UK: New COVID-19 rules for the hospitality industry on collecting visitor contact information : Data protection considerations
- On 25 June 2020
Andrew Dyson, Alexa Smith
The hospitality industry has been hard hit by COVID-19. Measures introduced this week by the UK government to ease restrictions for the sector come with a condition – if you open a pub, restaurant or other hospitality venue for business you must keep a record of patrons who visit and be ready to help with the national test and trace effort.
When collecting this information, it is important to understand that data protection laws still apply and operate data collection systems appropriately to comply with GDPR.
What is the hospitality sector being asked to do?
Guidance published on 23 June has asked venues to assist the NHS Track and Trace efforts by “keeping a temporary record of your customers and visitors for 21 days” . This rule applies regardless of whether a business already has the infrastructure in place to collect this information, so we expect to see a range of responses. Business that already require advance bookings should have processes in place to already collect the necessary contact information, through online systems. For others, it may be a case of creating a new app, or simply keeping a written log of people coming on site.
There are many questions still to answer about how this will all work and the level of detail needed, but whatever systems are used it is important for businesses to understand and manage the information they are collecting consistent with data protection laws.
What are the data protection issues?
Data protection laws like GDPR are designed to protect individuals from any situation in which their personal data are collected. The fact a business may be obliged to collect information in response to emergency public health regulations, doesn’t create a waiver from these responsibilities. Indeed GDPR is an important counterweight to the potentially excessive, or unsafe collection and use of information compliance with these regulations may cause.
Here’s our checklist of practical steps hospitality and leisure businesses can take to stay on the right side of GDPR when complying with these new visitor record keeping obligations :
- Data minimisation – Collect only the minimum amount of personal data needed. This is likely to be limited to name and contact information – i.e. telephone number or email address. Keep it to the basics and don’t overcomplicate by collecting more information than is needed.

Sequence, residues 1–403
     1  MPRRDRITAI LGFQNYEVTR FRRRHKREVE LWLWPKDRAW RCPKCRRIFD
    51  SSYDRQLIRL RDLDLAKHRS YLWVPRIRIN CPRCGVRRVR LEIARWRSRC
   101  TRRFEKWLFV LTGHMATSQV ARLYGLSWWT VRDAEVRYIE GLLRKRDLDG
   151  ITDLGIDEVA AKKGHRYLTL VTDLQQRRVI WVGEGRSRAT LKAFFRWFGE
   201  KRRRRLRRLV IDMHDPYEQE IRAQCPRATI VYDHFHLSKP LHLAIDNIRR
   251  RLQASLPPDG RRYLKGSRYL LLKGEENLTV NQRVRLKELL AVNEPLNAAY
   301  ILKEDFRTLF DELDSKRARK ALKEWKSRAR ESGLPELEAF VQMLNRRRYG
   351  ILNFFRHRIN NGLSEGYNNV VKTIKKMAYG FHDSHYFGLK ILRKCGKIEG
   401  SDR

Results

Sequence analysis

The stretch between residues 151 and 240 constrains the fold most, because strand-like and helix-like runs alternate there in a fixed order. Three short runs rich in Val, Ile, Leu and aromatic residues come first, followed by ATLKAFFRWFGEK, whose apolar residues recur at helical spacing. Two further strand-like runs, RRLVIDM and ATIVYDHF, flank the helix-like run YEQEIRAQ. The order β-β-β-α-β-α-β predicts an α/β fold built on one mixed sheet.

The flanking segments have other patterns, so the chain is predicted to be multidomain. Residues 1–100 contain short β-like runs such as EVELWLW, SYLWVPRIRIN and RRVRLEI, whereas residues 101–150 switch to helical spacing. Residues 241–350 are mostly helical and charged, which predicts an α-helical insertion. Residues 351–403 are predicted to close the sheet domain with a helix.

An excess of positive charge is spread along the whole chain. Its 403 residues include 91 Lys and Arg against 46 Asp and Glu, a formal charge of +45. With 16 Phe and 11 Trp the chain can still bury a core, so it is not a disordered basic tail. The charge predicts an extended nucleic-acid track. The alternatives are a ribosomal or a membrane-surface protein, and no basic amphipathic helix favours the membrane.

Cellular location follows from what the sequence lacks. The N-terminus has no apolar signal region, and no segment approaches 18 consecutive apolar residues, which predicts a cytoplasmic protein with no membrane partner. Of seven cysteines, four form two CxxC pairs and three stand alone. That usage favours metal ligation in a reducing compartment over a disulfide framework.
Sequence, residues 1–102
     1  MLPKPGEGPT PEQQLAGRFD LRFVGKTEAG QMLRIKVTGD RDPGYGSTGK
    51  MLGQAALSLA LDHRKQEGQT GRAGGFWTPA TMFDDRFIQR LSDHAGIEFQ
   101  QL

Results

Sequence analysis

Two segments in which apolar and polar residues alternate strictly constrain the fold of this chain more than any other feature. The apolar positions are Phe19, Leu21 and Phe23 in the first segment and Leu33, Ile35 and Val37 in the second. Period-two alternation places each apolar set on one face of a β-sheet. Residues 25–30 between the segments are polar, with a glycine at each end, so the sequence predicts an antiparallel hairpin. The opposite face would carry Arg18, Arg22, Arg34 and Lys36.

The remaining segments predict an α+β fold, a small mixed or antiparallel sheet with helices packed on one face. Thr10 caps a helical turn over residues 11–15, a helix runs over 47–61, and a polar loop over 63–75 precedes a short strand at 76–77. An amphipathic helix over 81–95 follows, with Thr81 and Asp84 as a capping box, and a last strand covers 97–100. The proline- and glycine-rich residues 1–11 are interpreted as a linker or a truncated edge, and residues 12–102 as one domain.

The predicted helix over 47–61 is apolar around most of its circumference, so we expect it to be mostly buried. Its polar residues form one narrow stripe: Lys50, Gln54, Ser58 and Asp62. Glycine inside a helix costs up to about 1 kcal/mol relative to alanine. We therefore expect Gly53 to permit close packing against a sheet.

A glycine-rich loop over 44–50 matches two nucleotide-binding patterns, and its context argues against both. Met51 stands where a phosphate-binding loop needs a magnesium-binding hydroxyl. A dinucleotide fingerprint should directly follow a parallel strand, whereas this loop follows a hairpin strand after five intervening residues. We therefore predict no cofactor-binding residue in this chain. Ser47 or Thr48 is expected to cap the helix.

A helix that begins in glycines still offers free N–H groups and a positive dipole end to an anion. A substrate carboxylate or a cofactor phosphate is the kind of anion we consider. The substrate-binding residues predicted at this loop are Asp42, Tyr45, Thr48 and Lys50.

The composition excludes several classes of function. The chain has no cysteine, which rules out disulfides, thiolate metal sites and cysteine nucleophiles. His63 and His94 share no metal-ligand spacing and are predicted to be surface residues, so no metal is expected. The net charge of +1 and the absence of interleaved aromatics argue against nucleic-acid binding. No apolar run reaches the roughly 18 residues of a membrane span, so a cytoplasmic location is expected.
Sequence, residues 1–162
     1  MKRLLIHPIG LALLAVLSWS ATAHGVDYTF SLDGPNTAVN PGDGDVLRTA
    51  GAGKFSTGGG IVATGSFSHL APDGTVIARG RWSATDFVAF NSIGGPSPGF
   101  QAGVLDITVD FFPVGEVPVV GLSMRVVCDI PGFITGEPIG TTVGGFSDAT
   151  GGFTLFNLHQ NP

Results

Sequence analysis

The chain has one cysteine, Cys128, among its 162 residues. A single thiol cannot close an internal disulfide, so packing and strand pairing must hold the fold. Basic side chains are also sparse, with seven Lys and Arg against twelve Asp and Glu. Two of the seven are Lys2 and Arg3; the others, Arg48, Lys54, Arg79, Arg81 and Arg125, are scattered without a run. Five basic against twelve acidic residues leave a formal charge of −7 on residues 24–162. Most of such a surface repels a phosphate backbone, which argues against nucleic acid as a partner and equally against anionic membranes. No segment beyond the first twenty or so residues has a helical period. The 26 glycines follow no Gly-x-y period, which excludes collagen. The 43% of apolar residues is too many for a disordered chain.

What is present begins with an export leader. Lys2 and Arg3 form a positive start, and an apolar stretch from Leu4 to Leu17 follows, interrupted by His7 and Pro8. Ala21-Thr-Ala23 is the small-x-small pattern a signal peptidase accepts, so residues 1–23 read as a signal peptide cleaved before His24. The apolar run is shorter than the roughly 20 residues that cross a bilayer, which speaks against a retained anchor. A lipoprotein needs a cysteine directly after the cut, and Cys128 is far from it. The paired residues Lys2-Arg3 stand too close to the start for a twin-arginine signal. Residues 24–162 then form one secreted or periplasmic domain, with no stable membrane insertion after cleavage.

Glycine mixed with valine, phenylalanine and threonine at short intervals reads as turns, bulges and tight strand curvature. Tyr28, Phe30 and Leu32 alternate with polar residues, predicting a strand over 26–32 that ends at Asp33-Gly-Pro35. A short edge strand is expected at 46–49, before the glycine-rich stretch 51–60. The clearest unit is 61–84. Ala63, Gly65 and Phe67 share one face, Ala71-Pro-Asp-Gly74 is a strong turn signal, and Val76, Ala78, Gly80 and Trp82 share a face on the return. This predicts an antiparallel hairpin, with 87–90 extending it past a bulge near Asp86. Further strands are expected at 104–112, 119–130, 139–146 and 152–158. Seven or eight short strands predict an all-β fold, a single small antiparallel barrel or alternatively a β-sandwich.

- Fair use – visitor information is being collected to assist national efforts to track infected individuals or those who may have come into contact with such individuals. Understand the information may only be used for these purposes. It might be tempting to re-use the information for marketing purposes for example, but this can only be done if you have obtained the correct permissions from those individuals.
- Limits on disclosure – the data must only be shared with those bodies that are responsible for contact tracing.
- Inform – clearly explain to customers and visitors what data you are collecting and why you are doing it. This will particularly be the case for environments where customers and visitors don’t readily expect to be handing over their data. Transparency is a cornerstone of data protection law and being open and honest is a way organisations can build trust with their clients and customers.
- Confidentiality – ensure your system has the means to keep the data secure and appropriately train employees that they have a duty to keep the information confidential.
- Retention – The guidance has removed the debate as to what an appropriate retention period for the data is and has requested that period be 21 days. Ensure you have processes to securely delete the information beyond this point.
- Processors – if using third party technology (e.g. online booking app) to collect visitor information, ensure you use a reputable vendor and if they are processing data on your behalf, that they are properly appointed as a ‘processor’.
If you have any further questions, please contact the authors or your usual DLA Piper contact person.